Earth’s Core Has Stopped and May Be Reversing Direction, Study Says
The surprising finding might solve longstanding mysteries about climate and geological phenomena.
Earth’s inner core has recently stopped spinning, and may now be reversing the direction of its rotation, according to a surprising new study that probed the deepest reaches of our planet with seismic waves from earthquakes.
The mind-boggling results suggest that Earth’s center pauses and reverses direction on a periodic cycle lasting about 60 to 70 years, a discovery that might solve longstanding mysteries about climate and geological phenomena that occur on a similar timeframe, and that affect life on our planet.
Of course, it must be noted this is more or less the plot of the 2003 disaster film The Core, but there’s no need to worry about averting an impending apocalypse by nuking the center of Earth. While the core’s rotation influences Earth’s surface environment, scientists think this periodic spin switch is a normal part of its behavior that does not pose risks for life on our planet.
Earth’s inner core is a solid metal ball that is 75 percent the size of the Moon. It can spin at different speeds and directions compared to our planet because it is nestled within a liquid outer core, but scientists are not sure exactly how fast it spins or whether its speed varies over time.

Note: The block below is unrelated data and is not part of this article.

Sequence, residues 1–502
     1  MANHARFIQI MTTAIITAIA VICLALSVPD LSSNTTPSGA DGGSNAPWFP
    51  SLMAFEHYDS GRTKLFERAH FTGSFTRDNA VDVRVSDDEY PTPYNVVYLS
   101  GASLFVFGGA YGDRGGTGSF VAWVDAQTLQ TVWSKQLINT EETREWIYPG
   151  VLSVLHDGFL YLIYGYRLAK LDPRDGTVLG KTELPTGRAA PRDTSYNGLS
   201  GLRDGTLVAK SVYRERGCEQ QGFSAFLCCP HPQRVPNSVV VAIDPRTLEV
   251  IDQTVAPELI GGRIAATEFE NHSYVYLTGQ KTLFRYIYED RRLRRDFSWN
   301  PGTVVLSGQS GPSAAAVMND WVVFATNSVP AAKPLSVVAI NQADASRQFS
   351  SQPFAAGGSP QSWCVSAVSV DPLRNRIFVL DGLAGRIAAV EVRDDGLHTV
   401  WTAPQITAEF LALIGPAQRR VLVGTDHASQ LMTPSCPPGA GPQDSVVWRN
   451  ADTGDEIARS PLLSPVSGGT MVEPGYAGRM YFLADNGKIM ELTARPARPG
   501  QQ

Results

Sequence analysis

Located some 3,000 miles beneath our feet, the core experiences intense heat on par with the surface of the Sun. Because it is so remote and difficult to study, the inner core remains one of the least understood environments on our planet, though it’s clear that it plays a role in many processes that make our world habitable to life, such as the generation of Earth’s protective magnetic field, which blocks harmful radiation from reaching the surface.
Now, Yi Yang and Xiaodong Song, a pair of researchers at Peking University’s SinoProbe Lab at School of Earth and Space Sciences, have captured “surprising observations that indicate the inner core has nearly ceased its rotation in the recent decade and may be experiencing a turning-back in a multidecadal oscillation, with another turning point in the early 1970s,” ac